Change interface/exception naming conventions?

Hi everyone,

I just watched:

and I personally can connect to it, especially the Interface and Exception suffix thing. But also the grouping by cohesion makes sense.

So I would like to discuss and possibly vote about two separate things here:

  • Change of CGL and naming conventions to ban the Interface and Exception suffix.
  • Discuss if grouping stuff by cohesion is a thing (subpackage would be a way to do it now) and if we want to think in that direction. I guess because we use so much convention over configuration it will be hard to change that, but why not think about it.

My personal point of view:

Sometimes it’s really nice to quickly see if I have an interface somewhere, but that is IMHO rather the result of the fact that we sometimes use methods of specific implementations that the interface not have, so getting stricter with the interface usage would make it rather unecessary to see if $something is an interface or not, up to the point where we could say that type hints against implementations are to be avoided (there will be quite some cases where that is not desireable or possible).

I never thought about the exceptions but IMHO it makes a lot of sense that it’s very clear when something is an exception and so it’s not really needed to suffix it.

Comments? Thoughts?

I don’t see a reason to change that (always hate having to wonder about stuff in Doctrine being an interface or not, for example).

On the exception side, I like that you can read it naturally: throw new InvalidArgumentException() as opposed to throw new InvalidArgument() - you throw an exception not an invalid argument. Comparable to $email vs. $emailAddress.

And, if we change the CGL, we either have to adjust all code or accept the inconsistency that will be the result of not doing that. Either are an investment I’d rather not do.

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I see.
Natural language is always a bit interpretation: throw new InvalidArgument()can be read as “throw (exception) because there was an InvalidArgument”.

Hey everybody,

interesting discussion / topic!

I have been thinking a lot about this personally as well; and I’m kinda undecided on that.

For exceptions, I think the Exception suffix is pretty common (in PHP, in Java, in .Net). For interfaces, it is a little more difficult for me personally; as I personally like to follow the rule “short names are more important/central than long names”. Something like PersistenceManagerInterface is longer than PersistenceManager; although the former is way more important than the concrete implementation.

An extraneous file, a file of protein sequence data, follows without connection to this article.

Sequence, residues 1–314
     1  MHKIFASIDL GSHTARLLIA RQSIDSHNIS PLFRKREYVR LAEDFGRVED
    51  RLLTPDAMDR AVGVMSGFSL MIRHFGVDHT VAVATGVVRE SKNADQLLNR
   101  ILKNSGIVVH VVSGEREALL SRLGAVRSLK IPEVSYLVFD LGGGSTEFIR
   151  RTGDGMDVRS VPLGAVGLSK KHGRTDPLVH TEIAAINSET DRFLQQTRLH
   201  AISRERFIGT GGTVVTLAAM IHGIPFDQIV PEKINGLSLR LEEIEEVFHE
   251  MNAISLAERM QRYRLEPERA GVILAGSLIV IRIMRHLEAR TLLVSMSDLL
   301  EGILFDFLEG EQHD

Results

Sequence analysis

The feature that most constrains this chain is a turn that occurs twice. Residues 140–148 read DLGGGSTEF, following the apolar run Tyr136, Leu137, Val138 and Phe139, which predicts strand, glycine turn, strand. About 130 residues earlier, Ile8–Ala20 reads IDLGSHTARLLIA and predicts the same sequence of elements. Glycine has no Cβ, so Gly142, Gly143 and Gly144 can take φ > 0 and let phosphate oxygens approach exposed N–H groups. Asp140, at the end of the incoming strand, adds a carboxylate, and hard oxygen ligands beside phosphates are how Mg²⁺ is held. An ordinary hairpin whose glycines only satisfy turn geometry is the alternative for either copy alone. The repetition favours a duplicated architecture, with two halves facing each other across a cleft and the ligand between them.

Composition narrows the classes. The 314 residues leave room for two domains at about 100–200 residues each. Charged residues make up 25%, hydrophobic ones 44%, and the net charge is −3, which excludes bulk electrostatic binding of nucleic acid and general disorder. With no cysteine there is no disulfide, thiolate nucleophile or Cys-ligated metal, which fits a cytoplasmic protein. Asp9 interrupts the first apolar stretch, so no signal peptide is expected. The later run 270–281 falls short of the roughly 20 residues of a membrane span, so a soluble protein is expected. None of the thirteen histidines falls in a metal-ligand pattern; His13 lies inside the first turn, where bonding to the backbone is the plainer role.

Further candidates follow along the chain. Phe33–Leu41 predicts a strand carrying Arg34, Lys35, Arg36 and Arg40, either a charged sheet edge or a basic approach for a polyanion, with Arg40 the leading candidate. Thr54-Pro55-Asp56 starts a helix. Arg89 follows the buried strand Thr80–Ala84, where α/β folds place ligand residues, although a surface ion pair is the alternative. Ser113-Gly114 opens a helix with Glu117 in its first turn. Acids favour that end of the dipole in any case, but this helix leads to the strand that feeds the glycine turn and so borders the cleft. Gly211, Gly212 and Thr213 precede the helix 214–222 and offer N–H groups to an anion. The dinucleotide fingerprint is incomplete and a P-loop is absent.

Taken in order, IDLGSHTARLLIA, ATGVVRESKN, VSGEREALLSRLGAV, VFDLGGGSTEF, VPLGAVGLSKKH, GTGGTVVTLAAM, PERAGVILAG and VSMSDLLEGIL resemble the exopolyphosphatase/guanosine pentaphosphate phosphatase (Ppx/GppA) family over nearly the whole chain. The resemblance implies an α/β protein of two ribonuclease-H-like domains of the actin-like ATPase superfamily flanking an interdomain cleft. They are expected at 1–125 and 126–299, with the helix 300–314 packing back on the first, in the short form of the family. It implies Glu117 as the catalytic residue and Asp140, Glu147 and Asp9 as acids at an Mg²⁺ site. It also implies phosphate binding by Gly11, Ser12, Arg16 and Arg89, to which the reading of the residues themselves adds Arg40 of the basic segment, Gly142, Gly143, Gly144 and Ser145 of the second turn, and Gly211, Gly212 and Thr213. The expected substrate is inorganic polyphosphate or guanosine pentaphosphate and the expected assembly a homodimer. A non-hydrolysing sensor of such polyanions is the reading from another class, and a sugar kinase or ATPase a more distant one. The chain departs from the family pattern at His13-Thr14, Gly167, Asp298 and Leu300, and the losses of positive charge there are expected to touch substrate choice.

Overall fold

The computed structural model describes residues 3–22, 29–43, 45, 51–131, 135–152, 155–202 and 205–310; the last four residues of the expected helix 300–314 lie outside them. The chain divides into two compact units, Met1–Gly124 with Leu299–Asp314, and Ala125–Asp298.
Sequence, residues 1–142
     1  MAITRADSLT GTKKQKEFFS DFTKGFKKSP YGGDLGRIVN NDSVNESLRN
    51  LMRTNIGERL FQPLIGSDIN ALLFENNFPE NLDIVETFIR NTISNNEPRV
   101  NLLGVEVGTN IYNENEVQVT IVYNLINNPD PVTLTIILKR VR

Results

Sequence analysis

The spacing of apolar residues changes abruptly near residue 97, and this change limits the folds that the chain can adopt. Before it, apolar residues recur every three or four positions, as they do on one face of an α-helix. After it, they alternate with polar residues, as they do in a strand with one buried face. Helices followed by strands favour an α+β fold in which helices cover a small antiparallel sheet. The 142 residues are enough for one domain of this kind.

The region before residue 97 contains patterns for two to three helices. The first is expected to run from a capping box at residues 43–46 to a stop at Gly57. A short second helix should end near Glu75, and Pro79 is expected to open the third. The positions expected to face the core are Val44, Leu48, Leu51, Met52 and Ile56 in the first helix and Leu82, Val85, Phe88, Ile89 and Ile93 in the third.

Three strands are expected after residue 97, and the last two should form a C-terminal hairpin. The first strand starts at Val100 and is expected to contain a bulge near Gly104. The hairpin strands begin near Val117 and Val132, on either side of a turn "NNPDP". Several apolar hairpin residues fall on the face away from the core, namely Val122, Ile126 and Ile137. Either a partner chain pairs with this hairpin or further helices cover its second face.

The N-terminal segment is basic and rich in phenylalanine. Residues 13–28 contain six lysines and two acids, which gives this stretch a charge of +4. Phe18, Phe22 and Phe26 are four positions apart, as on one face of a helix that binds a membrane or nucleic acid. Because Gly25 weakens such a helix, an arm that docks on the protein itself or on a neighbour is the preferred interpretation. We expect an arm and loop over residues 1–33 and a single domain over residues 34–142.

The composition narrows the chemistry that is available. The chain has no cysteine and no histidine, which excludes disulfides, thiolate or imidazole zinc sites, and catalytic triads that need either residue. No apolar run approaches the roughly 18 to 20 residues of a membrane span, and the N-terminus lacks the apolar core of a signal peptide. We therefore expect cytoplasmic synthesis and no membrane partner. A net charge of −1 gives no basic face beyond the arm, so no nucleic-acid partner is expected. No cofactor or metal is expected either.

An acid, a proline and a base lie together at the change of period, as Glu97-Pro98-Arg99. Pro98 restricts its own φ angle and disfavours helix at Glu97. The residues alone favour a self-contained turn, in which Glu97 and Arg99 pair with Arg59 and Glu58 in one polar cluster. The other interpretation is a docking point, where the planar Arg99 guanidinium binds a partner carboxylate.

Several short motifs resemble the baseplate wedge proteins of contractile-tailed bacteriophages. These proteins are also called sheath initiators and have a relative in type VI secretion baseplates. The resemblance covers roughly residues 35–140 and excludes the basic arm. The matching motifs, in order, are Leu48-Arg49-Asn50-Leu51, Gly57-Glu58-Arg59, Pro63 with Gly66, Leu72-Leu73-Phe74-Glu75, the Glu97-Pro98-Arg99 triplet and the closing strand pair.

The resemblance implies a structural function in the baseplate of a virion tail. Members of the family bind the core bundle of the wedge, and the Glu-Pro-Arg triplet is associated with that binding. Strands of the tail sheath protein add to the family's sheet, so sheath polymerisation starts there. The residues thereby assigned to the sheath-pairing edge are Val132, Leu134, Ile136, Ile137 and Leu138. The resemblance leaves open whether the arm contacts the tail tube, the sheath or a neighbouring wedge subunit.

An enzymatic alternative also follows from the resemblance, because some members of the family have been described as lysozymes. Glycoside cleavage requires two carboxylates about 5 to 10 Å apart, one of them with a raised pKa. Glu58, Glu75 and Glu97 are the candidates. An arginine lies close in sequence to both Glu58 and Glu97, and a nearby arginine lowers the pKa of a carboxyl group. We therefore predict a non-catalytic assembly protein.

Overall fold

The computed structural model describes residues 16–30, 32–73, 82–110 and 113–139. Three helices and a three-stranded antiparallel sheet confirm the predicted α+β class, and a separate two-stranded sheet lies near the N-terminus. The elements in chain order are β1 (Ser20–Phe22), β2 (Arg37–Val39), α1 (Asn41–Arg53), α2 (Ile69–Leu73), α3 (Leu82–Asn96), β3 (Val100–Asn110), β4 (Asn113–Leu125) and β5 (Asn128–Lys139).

Now that I think of it, we could solve this dilemma in another direction as well: By renaming Doctrine\PersistenceManager to Doctrine\DoctrinePersistenceManager (same goes for Context classes). That’s one thing I’d like to add to the discussions: I personally think it is very helpful that “important” framework classes are distinguishable just by its name, i.e. we should name a class SecurityContext instead of just Context.

What do you think?

All the best,

YES! SecurityContext would be VERY helpful

Interesting talk indeed. He almost convinced me even though I frankly didn’t expect that beforehand :wink:
I do agree to Karstens objection though

throw new Runtime()

doesn’t make sense, and all the base (and SPL) exceptions end on *Exception, too.

Regarding interfaces I agree that some issues could be solved if the IDE would mark it as such everywhere… But then again, the IDE could also strip off the “Interface” suffix and replace it by a neat little icon…
Apart from that we’d run into naming clashes if we’d remove those suffixes (and the Abstract prefix to be consistent).

Right… That’s an itch for so long already. I’m about to fix that for 3.0 now (we have many of those inconsistencies, but I start with the SecurityContext for now as it’s the most prominent one).